Note: To protect the privacy of our members, e-mail addresses have been removed from the archived messages. As a result, some links may be broken.

Lesson Plans

Re: Ebolandics

[ Thread ][ Subject ][ Author ][ Date ]
Teresa Tipton (
Sun, 23 Mar 1997 21:26:08 -0800 (PST)

Respond to this message.

I am quoting the scholar, Audrey Wright, who did extensive research and
scholarship on black English. Like other scholars, she researched the
syntax and language structure as derived from West African languages and
found that the speech patterns of black English corresponded to these
languages. In general, for what I can remember off-hand, because of the
connection to community as the most important thing and the sense of
verbs as universals rather than changing according to singular or plural
cases, some verbs do not change for singular individual cases. There is a
sense of some of the language transcending the structure that English
imposes, making an imperfect "fit" from the West African to the English.
Time is measured differently and is not divided into past, present,
future, the same way as English language denotes. Rather, time is more of
a continuum.

Therefore, the conjugations of some verbs in English from West African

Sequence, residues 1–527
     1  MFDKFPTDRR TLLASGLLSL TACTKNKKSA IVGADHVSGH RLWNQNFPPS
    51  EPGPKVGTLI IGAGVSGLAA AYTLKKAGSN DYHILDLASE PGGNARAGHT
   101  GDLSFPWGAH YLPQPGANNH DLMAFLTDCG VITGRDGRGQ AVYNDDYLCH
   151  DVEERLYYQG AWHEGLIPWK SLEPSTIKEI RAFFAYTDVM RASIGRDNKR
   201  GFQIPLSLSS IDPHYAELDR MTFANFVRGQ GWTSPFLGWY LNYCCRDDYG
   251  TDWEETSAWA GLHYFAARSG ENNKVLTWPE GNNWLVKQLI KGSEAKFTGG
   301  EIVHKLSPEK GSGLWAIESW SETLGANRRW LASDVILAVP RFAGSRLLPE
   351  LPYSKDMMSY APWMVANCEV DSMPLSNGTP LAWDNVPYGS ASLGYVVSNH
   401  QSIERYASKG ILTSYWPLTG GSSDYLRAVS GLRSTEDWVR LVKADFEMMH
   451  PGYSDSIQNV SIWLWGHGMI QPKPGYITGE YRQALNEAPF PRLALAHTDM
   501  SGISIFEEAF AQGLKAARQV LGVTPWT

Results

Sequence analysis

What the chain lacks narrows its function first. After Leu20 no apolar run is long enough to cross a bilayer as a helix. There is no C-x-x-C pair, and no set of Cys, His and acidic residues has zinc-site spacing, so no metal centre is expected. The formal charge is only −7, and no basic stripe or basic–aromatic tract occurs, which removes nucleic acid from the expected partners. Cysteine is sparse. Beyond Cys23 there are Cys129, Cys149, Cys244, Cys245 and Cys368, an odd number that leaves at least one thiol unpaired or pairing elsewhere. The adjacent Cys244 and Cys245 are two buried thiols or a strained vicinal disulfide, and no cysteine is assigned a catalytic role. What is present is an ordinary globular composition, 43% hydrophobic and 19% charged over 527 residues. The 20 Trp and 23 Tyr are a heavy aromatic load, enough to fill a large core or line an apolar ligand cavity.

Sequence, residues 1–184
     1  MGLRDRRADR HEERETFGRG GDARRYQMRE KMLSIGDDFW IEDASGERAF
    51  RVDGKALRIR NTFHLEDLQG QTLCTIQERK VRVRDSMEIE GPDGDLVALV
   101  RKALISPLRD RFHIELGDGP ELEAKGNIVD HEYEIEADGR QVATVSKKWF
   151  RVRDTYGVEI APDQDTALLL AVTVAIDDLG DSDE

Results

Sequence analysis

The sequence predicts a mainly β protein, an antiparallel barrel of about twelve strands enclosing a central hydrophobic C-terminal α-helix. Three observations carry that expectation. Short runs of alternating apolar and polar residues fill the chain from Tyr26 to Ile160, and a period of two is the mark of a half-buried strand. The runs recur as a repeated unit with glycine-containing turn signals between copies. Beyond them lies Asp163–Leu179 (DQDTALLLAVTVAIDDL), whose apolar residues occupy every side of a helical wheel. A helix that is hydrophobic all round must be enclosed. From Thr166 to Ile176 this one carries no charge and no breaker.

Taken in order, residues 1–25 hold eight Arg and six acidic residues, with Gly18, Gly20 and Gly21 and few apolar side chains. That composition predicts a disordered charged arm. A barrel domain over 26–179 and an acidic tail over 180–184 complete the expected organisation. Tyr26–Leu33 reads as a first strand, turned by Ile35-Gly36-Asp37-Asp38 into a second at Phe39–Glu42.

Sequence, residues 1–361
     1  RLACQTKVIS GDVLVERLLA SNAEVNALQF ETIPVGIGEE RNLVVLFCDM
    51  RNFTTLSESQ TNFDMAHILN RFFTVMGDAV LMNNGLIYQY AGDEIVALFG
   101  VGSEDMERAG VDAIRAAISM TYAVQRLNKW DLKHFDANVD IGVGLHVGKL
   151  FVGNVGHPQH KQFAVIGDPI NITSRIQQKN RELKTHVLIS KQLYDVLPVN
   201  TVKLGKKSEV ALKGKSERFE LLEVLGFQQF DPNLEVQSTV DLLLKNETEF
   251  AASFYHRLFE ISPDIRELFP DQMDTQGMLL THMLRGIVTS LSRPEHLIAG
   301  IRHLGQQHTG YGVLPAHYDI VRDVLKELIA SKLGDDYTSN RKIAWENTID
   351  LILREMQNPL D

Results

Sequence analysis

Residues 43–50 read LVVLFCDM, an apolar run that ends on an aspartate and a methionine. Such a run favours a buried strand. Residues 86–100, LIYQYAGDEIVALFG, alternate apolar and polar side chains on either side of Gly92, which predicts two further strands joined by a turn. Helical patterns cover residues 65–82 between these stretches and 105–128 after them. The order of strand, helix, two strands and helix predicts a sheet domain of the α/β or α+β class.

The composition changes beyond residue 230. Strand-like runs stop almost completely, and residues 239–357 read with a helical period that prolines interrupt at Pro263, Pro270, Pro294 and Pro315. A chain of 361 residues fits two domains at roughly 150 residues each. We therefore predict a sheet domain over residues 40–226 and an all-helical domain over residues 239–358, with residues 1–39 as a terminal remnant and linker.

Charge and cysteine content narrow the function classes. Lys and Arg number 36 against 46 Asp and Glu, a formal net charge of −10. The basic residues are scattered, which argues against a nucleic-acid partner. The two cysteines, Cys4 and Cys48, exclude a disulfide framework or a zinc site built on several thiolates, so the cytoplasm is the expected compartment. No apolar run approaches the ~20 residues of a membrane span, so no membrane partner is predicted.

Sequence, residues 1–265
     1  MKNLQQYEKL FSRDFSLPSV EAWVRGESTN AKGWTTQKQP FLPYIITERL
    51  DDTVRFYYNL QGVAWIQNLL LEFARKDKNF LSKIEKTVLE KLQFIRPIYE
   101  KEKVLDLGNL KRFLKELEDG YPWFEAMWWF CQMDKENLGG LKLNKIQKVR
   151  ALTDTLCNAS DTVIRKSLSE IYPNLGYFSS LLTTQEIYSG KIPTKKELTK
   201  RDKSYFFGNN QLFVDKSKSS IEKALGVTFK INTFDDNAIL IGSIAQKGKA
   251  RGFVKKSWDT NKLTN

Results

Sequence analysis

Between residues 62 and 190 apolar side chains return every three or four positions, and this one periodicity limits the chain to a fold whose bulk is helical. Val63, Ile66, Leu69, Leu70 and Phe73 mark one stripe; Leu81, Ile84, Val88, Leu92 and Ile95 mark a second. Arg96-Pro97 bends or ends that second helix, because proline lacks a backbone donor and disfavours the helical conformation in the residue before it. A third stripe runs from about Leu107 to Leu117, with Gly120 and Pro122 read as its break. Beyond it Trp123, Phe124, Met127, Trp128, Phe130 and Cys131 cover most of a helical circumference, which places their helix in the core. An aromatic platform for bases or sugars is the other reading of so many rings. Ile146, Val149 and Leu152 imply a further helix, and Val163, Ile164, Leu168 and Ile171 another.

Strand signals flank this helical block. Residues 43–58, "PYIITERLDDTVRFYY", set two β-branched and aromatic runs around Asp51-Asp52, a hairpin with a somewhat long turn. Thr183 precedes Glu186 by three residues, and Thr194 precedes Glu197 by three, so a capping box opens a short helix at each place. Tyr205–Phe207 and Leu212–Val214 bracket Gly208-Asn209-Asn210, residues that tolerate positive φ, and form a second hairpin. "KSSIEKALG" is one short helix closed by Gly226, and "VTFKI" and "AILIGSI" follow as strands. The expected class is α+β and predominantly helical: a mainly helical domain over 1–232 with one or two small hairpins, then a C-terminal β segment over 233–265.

syntax, tend to be in the universal, rather than in the specific case. For
example, "is" denotes a state of being; in West African language, the word
would be used to denote the fact that we always exist (while we're alive),
so gender/individual cases utilize the same universal as do plural cases.
For example, it becomes "he is, you is, we is" it
translates into English use. It is a fascinating study in the way one's
primary language from slavery was adapted into the dominant culture's
language, without ever fully assimilating.

Concomitantly, Audrey compared the syntax of West African languages to
that of other countries and found that Icelandic was the closest. In terms
of her in-service that I attended, she will have to tell you more.

Cultural competency for bi-cultural/bi-lingual people means that we
understand how to operate from one system to another; just like our
"culture" at home is different from our "culture" at school, work, or in
company of friends. We all translate norms and standards from one
situation and another. Why does doing the same thing with language pose
such a problem for people? The research is pretty clear - bi-lingual
students cannot master "standard English" without being literate in their
first language.

But debating the point obsfucates where this message comes
from. Ebonics is not "garbage" and if we, as "educators" use this
kind of "language" to "educate" each other, all we get is "trash."

Teresa Tipton

On Sun, 23 Mar 1997, Griswold, Charlotte wrote:

> Like Rosa, I too have been wondering about the Ebonics-Icelandic link
> and would like more information.
> --
> Charlotte Griswold
> griswald
> Art Happens!

Respond to this message.